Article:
Generally, I capture video, crop the overscan, tweak the audio if necessary, and encode to H264 using Handbrake for the website. The torrent version keeps lossless audio, the stream gets compessed audio.

Would it make the most sense to capture directly to 640x480 as you suggested, since the primary intent is for web consumption, or keep the 720x480 and resize during post-processing?

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File Type: avi exciterepk-excerpt.avi (61.97 MB, 15 downloads)
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12-18-2018, 09:08 PM
sanlyn sanlyn is offline
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Thank you for making and posting the sample.

I was able to view the internet recording using a different browser. Unfortunately it's not the original and is a poorly managed capture and encode. There is no input level control, so that darks and brights are completely blown away for almost the entire length of the video. It's possible to remove some grain, but this would be a very small improvement. No one would want to work on the lossy web version. A chunk of the lossless original might be a different story.

Your exciterepk-excerpt.avi sample is posted as as RGB32 color. Hopefully you are capturing at YUY2 instead of RGB. To avoid unwanted colorspace changes when making samples from YUV captures, save the sample in VirtualDub using "direct stream copy" processing mode. Any file saved using "Full processing mode" in VirtualDub is automatically converted to RGB, even if no VirtualDub filters are used. As RGB your sample file size was 63.4MB. As losslessly compressed YUY2 the file size would have been 29MB, and you wouldn't add interpolation errors with unnecessary colorspace conversions.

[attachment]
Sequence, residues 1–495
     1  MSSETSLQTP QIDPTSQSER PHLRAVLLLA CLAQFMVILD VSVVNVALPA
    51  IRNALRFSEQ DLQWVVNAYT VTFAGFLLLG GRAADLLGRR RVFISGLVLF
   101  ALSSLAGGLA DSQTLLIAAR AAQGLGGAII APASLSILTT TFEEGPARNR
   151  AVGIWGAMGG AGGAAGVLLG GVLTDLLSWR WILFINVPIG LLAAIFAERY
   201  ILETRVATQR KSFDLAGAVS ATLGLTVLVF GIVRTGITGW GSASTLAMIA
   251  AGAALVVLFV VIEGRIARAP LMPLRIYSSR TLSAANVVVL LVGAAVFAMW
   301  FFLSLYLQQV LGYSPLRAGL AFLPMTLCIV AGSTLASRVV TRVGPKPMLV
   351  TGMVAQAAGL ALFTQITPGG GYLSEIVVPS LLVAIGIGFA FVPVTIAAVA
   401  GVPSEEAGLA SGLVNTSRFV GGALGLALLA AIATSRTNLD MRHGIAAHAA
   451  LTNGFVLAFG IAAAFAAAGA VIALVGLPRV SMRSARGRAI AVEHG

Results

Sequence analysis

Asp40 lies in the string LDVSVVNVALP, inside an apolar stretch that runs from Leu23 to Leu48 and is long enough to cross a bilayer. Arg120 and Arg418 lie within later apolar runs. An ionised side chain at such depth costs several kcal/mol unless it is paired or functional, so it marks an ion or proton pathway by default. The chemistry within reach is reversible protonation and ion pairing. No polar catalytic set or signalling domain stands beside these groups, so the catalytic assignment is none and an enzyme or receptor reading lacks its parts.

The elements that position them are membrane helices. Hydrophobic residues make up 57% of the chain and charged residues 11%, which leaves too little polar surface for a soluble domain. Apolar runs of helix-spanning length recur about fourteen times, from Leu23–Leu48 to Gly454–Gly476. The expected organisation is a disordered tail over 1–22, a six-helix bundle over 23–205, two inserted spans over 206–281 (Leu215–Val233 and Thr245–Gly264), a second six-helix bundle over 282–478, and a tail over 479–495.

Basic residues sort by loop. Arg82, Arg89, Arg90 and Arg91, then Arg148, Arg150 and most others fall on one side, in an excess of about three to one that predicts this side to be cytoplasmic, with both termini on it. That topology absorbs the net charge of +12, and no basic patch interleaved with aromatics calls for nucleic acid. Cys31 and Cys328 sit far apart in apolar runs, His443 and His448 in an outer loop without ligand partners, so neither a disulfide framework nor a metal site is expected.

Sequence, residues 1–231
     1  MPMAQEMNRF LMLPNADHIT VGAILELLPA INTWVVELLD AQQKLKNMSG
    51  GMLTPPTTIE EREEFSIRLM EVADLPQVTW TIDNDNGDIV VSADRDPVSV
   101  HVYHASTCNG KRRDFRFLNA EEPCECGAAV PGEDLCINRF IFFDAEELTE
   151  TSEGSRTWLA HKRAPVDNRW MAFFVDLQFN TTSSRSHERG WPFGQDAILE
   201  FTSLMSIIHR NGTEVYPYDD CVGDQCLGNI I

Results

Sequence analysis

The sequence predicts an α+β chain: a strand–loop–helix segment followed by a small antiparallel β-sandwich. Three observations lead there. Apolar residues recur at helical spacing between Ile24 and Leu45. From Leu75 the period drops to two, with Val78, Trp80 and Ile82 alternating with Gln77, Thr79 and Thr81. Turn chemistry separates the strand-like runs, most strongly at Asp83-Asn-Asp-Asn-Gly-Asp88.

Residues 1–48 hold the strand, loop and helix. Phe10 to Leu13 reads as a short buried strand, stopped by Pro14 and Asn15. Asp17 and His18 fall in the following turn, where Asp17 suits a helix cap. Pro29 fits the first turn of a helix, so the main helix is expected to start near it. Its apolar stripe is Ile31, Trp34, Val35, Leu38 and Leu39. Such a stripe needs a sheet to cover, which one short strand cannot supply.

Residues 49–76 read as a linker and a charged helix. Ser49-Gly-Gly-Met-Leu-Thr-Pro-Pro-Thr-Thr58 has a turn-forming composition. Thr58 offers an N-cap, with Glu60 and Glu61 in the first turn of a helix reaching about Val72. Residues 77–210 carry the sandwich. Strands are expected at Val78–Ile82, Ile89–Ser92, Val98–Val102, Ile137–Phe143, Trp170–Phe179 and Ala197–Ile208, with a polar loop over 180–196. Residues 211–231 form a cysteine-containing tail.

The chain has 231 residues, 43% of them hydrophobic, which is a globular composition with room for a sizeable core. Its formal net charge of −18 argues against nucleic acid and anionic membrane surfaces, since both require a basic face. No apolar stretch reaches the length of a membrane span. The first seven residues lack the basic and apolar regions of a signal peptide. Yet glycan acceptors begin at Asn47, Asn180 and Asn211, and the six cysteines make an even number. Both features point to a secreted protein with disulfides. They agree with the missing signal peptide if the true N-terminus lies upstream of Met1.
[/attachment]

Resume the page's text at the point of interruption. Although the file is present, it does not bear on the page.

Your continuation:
We have seen far worse tape dubbing in the past, but that doesn't mean the sample is without damage. Previous processing at some point resulted in bad cliipping of darks as well as brights. Clipping involves data destruction. At the bright end there is highlight detail destruction along one bright edge of the yellow furniture. At the dark end there is sharp black clipping indicated by lack of eye color (the irises are black blobs), the lack of detail in the far right background (and discoloration noise in parts of it), total loss of detail in the dark sweater, the "shag carpet" look in the blond hair, and by the characteristic "black mouth" effect. There are also pasty clay-face effects due to overall detail loss.

Lost detail can't be re-created. Clipped blacks can be brightened but they simply look like dense dark grays without color, and over-brightening simply exposes clipped areas as nothing but random noise. There are over-sharpening effects; a bright left-edge halo remains, and there is some faint right-edge noise that looks as if it has been filtered or softened at an earlier stage. Sharpening won't help here -- it would make many defects look worse.

The top image below is a reduced copy of an original frame from the sample, with side borders removed to prevent affecting the histograms. Below the image, the graphs are of a YUV signal level histogram (left) and a chroma-level YUV vectorscope (right).

Above, look at the left-hand graph of horizontal colored bands. Notice the sharp "spike" at the leftmost edge of the topmost white band. That spike indicates black clipping of all data below y=16. The horizontal band for the blue-yellow "U" channel shows some yellow chroma data but little or no blue. The bottom red-green "V" channel shows red data but barely a smattering of green. In the right-hand graph, the vectorscope for saturation levels shows some yellowish-red and orange data, but little or no data for pure red, and a deficit for magenta, blue, cyan, and pure green colors. These graphs explain why there is an obvious red-yellow color cast in the video.

The image below is a VirtualDub RGB vectorscope of the same frame as above. The placement of colors is different, but it confirms the color problems seen in the YUV histogram and vectorscope.

Below, the pictures are a comparison between the borders in an original frame (left) and a filtered and corrected version (right):